After two years of explosive growth, the housing market is still red-hot. Prices are surging and homes are selling six days faster than they were a year ago.
All that points to a perfect seller’s market, but inventory is still incredibly low. Data from the National Association of Realtors shows that there was a 2 month supply of homes for sale in February — significantly lower than the benchmark of 6 months that experts consider a sign of a “healthy” housing market. So what’s going on?
One answer is rising mortgage rates. The average rate on a 30-year fixed-rate loan hit 5% last week. That figure has risen from a little over 3% at the beginning of the year, as the Federal Reserve pulls back its support for the economy to stave off sky-high inflation.
Roughly 90% of the 53.3 million mortgages in the United States now have an interest rate below 5%, according to mortgage technology and data provider Black Knight. Just 2% of mortgages have interest rates of 6% or higher (a good benchmark to use if you’re trying to decide whether to refinance at current rates).
Rock-bottom rates in 2020 and 2021 prompted a huge surge in refinancing as homeowners rushed to reduce their monthly payments. There were as many as 20 million high-quality refinance candidates in 2020, according to Black Knight. As of last week, there were just 1.3 million. The refinance boom is a key reason why so many homeowners have such attractive rates right now.
For all those homeowners who already have mortgages below current rates, it doesn’t make much sense to sell only to need to take out a loan that’s way more expensive. This is especially true given that home prices have risen some 20% over the past year (or even more in some cities) and are expected to climb even higher in the coming months. Why pay more for a house and lock into a more expensive mortgage unless you absolutely need to?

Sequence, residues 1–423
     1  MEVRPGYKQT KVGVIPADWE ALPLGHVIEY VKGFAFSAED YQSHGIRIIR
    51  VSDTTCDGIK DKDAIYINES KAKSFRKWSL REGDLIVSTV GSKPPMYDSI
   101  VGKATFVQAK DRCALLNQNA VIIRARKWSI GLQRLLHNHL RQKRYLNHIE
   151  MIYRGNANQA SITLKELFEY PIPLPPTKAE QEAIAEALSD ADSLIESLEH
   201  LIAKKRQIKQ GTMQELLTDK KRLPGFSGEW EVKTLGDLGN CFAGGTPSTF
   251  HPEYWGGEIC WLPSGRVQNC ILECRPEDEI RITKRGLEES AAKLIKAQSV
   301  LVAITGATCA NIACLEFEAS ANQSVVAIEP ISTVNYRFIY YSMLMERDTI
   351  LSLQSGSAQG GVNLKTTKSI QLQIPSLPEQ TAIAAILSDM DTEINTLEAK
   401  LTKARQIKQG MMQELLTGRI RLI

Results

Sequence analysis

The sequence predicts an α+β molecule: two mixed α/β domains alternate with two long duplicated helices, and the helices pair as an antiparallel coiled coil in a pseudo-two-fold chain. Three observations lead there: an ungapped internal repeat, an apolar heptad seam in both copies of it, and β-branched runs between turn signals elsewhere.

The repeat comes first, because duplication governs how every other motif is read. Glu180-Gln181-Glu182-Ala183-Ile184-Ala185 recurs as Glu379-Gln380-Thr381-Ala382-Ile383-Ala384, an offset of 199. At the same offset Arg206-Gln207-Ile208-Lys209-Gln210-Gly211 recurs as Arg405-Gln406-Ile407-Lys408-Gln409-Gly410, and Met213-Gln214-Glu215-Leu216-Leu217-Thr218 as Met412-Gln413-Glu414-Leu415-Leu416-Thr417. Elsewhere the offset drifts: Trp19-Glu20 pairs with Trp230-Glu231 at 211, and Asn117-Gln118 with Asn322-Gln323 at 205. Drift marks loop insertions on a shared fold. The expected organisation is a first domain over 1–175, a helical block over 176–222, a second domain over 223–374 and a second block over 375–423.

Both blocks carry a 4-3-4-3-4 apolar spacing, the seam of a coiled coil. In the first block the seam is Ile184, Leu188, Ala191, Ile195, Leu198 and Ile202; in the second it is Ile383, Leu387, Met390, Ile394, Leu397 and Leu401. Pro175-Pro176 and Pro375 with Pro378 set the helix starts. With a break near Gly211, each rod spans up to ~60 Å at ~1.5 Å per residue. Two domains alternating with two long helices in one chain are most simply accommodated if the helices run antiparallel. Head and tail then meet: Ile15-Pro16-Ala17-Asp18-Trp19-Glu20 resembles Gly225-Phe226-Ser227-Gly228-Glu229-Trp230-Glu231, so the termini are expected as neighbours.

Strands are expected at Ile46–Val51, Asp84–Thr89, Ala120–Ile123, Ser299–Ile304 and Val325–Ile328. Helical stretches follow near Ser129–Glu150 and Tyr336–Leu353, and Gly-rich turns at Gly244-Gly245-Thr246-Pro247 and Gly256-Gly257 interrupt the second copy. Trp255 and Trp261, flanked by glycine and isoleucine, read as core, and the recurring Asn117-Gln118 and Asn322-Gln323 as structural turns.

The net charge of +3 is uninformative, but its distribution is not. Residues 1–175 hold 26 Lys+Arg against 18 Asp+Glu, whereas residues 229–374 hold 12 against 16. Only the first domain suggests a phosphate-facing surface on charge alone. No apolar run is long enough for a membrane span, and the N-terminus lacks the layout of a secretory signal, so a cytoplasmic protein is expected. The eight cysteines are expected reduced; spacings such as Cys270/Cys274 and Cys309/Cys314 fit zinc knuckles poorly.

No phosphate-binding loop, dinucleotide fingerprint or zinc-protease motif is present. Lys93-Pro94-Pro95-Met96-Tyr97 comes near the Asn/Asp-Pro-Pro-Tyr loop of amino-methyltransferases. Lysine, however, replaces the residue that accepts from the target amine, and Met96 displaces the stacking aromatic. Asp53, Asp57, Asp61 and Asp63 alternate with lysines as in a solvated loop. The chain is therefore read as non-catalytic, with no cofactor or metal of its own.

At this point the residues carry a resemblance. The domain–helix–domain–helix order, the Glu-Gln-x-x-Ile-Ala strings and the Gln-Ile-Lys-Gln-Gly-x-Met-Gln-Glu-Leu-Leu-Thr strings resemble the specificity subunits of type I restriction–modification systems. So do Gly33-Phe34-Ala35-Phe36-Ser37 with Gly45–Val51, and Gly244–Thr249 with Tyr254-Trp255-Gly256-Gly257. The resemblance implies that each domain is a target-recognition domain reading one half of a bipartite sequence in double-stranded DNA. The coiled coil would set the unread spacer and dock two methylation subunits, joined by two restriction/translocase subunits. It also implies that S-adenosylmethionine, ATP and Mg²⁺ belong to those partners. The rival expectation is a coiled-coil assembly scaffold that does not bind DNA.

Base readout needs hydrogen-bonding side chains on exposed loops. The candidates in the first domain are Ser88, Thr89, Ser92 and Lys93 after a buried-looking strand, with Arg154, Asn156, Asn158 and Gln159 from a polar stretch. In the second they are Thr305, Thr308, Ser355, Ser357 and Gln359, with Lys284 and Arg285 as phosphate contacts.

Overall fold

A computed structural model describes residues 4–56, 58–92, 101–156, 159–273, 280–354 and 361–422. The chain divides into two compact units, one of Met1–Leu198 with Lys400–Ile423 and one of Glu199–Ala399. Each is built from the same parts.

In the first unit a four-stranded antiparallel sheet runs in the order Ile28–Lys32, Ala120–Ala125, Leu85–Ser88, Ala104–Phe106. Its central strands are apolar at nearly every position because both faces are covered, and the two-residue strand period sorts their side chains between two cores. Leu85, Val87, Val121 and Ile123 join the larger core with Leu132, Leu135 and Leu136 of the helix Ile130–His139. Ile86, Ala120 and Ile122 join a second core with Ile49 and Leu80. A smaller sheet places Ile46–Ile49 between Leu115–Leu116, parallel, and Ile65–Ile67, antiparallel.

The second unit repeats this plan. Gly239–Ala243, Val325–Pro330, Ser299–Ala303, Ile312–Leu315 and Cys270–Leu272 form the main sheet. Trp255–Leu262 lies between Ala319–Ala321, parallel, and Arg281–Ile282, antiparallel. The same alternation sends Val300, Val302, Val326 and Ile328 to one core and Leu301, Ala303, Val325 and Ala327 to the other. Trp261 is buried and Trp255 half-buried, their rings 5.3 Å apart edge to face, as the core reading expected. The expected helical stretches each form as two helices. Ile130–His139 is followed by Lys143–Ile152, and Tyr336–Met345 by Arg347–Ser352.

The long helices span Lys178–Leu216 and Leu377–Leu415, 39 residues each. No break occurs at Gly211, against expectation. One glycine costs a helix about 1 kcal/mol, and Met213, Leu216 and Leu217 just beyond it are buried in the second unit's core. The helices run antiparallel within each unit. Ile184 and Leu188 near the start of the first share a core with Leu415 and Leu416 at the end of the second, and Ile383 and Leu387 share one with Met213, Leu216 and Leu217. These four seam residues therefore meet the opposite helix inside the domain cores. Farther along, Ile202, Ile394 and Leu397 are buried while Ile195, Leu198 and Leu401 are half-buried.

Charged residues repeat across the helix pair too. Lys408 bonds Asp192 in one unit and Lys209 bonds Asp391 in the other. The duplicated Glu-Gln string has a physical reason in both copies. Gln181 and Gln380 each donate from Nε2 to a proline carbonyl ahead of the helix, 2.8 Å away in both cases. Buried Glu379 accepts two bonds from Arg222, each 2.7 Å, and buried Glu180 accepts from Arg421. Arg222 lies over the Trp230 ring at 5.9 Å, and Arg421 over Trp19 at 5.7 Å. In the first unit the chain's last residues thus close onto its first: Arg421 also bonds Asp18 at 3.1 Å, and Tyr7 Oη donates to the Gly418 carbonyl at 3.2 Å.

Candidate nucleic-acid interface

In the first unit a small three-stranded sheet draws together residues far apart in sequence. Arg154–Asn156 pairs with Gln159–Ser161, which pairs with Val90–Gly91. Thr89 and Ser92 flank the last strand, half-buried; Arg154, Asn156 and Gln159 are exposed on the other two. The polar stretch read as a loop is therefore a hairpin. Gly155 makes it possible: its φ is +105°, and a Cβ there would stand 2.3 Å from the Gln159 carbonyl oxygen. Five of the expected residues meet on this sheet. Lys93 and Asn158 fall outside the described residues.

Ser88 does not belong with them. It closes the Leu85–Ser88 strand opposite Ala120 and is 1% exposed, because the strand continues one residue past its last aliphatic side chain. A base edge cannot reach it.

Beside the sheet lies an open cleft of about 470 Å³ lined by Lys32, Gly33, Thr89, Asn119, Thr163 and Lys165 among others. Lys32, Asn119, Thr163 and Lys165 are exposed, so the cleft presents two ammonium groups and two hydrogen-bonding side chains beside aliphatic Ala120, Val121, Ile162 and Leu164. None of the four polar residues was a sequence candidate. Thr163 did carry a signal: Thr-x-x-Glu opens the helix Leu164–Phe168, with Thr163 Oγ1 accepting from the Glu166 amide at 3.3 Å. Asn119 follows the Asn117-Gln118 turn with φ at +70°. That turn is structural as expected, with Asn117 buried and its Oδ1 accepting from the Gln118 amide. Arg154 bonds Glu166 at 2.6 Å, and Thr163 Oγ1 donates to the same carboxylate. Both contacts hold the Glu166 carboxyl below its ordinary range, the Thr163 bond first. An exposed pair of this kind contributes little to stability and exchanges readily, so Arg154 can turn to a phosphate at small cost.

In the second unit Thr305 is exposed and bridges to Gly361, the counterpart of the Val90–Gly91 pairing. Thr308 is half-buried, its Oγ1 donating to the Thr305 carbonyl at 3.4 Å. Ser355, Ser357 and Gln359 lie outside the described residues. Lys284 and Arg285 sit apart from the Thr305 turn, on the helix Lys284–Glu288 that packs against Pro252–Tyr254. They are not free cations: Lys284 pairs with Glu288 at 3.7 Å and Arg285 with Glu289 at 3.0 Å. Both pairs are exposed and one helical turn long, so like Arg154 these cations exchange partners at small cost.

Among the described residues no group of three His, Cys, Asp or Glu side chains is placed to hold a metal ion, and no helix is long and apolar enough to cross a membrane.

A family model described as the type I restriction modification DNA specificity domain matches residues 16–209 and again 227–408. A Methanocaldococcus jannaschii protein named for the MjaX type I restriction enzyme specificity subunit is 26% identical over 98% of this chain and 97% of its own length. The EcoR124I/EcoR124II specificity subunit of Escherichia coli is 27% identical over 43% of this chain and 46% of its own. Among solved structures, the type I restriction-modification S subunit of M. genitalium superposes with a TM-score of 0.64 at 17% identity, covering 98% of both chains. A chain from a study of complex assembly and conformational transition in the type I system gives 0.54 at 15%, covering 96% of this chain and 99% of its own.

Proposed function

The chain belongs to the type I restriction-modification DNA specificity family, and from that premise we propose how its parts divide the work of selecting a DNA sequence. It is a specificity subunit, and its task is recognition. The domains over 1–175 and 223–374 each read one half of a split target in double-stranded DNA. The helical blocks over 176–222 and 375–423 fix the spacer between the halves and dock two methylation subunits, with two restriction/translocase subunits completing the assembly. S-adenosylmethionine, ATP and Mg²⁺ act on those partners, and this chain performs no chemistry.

In a report last week, Redfin chief economist Daryl Fairweather said she expects high mortgage rates and high prices to start pushing potential buyers out of the market — but it’s not just buyers stepping away.
“Unfortunately,” Fairweather added, “homeowners are turning their back on the market too. Instead of being motivated to list before prices weaken, potential home sellers may be choosing to wait-out the impending market cooldown.”
If potential sellers choose to wait out higher rates and delay selling, that will squeeze inventory even further and it could drive prices even higher — at least in the short term.
“Not only is it difficult to sell your home knowing that you're going to be paying much more in interest on the new mortgage, but it's also challenging to find a home right now in a lot of places,” says Robert Heck, VP of Mortgage at online mortgage marketplace Morty. “That's a double edged sword that requires a lot more planning from somebody who's looking to sell.”
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